March 5, 2021

Mortgages: Borrowing in Retirement

While the majority of older homeowners will pay with cash and therefore will not need a mortgage, some may require financing — perhaps because their previous home declined in value, or because they wanted to keep a portion of the money from the sale in income-generating investments.

About a third of the 65-and-older households that owned a home in 2009 had a mortgage, according to the Census Bureau’s American Housing Survey, which also put homeownership in this age group close to 81 percent during the second quarter of this year. By contrast, around 64 percent of people 35 to 44 were homeowners, and only 38 percent of those younger than 35 owned homes, the latest census data found.

Lenders say the mortgage process is the same at any age. If you qualify based on income and credit scores, a lender cannot deny you a loan based on age. That would violate the federal Equal Credit Opportunity Act, which prohibits discrimination based on age, race, gender and other criteria.

“We just had someone who came in at 85 and got a loan — a 30-year loan,” said David Boone, a first vice president of Provident Bank in Jersey City, N. J.

He said the man borrowed under $100,000 and chose a 30-year term to keep the payments low.

Older borrowers should begin the loan process by gathering documentation, Mr. Boone said. If you’re retired, you will need to provide a pension award letter or Social Security award letter, along with income tax returns and statements from other retirement accounts like an Individual Retirement Account or a 401(k) plan. If you’re still working, pay stubs and other documentation from your employer will be needed.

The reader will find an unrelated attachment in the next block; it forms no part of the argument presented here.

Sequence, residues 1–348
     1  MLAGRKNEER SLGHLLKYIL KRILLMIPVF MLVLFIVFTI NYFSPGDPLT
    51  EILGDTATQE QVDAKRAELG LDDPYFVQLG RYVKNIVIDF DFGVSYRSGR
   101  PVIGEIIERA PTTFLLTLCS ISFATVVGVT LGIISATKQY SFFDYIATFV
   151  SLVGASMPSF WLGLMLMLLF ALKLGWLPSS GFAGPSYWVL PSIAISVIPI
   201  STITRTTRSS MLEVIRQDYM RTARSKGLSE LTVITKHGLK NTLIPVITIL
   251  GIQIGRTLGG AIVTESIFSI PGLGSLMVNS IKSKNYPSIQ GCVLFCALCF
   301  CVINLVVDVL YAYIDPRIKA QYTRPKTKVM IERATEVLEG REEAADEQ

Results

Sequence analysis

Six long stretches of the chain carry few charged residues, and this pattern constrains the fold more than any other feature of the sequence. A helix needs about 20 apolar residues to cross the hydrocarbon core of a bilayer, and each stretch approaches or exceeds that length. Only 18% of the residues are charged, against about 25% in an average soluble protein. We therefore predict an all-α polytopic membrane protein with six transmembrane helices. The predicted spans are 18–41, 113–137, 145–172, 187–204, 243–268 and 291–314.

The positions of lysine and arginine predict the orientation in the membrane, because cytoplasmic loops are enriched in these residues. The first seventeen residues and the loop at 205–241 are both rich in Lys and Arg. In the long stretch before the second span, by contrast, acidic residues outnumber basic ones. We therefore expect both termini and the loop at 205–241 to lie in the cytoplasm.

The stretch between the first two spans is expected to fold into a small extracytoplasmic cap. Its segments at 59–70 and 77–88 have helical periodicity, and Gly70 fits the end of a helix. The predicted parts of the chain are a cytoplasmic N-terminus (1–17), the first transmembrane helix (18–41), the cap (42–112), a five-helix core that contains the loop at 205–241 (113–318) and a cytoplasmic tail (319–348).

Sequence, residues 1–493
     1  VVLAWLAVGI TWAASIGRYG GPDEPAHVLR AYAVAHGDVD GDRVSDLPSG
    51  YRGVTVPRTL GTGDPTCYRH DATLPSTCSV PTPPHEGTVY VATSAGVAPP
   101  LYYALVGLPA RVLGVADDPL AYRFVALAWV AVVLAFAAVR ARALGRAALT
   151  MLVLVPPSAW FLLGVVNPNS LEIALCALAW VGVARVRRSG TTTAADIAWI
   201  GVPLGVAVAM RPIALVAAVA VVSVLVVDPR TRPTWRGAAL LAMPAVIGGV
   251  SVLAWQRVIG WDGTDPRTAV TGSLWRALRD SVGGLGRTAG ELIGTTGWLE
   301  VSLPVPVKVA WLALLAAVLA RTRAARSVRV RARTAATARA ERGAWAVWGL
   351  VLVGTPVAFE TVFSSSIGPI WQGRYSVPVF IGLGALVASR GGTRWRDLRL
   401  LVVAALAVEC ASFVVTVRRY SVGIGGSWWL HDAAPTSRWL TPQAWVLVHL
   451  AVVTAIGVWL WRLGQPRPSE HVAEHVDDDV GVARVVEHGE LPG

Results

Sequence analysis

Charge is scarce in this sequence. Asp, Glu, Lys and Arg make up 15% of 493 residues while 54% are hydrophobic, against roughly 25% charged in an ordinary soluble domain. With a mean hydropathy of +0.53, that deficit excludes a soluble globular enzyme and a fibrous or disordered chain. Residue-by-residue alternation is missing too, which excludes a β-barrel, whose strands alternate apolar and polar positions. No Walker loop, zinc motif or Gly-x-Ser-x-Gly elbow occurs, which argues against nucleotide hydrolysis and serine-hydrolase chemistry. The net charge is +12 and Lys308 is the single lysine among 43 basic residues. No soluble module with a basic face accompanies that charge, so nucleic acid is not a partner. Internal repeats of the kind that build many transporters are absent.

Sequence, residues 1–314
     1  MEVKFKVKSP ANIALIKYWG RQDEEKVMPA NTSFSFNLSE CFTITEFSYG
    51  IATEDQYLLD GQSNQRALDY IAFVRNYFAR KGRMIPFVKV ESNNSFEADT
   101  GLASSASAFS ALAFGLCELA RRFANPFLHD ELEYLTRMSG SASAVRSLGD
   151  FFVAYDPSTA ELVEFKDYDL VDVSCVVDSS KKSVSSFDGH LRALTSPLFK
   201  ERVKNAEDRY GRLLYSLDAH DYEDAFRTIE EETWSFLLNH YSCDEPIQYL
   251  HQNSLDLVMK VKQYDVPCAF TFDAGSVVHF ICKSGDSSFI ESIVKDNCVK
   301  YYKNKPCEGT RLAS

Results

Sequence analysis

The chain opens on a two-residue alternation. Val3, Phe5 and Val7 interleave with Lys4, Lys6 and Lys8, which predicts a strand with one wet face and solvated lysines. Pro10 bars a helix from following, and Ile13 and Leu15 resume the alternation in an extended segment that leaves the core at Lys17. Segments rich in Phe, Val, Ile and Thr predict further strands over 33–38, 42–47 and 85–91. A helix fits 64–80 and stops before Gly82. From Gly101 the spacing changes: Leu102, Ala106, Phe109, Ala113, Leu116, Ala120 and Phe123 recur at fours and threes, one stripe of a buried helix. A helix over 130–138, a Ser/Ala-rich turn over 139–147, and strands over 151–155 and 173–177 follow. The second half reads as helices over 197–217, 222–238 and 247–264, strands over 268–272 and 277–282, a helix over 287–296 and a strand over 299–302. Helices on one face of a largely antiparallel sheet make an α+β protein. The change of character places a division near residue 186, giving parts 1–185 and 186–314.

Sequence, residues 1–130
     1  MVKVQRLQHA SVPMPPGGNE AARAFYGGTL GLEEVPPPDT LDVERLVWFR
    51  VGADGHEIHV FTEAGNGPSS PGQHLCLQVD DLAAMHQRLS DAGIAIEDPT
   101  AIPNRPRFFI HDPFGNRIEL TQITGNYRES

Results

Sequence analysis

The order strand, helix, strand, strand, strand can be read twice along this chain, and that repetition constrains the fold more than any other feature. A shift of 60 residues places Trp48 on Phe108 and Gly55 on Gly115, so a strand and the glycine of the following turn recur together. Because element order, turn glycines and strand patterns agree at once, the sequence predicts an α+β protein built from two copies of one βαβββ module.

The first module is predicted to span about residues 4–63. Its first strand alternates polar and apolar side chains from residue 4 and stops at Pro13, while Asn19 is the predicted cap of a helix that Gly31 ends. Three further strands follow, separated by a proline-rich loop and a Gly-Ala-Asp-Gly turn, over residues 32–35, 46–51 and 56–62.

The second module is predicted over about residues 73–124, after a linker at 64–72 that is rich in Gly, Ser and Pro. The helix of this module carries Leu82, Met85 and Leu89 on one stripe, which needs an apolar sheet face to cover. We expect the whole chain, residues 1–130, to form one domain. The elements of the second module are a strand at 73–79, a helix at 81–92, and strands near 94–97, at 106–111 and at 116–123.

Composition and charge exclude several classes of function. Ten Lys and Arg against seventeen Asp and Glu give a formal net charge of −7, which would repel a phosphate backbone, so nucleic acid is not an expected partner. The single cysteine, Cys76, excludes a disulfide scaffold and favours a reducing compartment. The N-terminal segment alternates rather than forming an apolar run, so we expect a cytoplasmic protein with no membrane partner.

Even if you’re on the verge of retirement, lenders generally will consider only current earnings. But Erika Safran, a financial planner in Manhattan, suggests factoring in retirement income anyway, to help determine whether you will still be able to afford the home down the road.

Borrowers will want to look at their available cash flow now and 5 to 10 years ahead. Ms. Safran cautions against taking too much out of savings for the down payment if the projected cash flow for various expenses is low. Instead, she said, older borrowers should seek a larger mortgage amount, preserve the remaining funds as a cash reserve.

Credit history is important. Besides looking at credit scores, Mr. Boone said, most lenders will want to see at least three credit sources, like utility bills.

And lenders will expect to see a debt-to-income ratio of no more than 40 or 45 percent, said Gary DeTrano, a mortgage broker at Walden Group in Mineola, N.Y. (The ratio measures the amount of gross monthly income that goes to paying off all debts.)

You will need to decide on the length of the mortgage. Consider how long you’re going to live in the home, and whether you want to build up equity, perhaps for your partner or your estate.

“You accumulate equity much more quickly with a 15-year term than a 30-year term,” said Andra Ghent, an assistant professor of real estate at Baruch College.

Many retirees may be drawing down their assets and don’t need to build equity in their home, so they may prefer a 30-year term.

Estimating how long you expect to live there will help determine whether to pay points — each point is 1 percent of the loan amount — to lower the interest rate. Buying down your rate makes more sense, Ms. Ghent said, when you plan to own the house for many years.

This article has been revised to reflect the following correction:

Correction: August 21, 2011

The Mortgages column last Sunday, about borrowing in retirement, described incorrectly the reason given by Erika Safran, a financial planner, for why older borrowers may need to take out larger mortgages. She said they should preserve their cash flow as a cash reserve, not use the money for investments.

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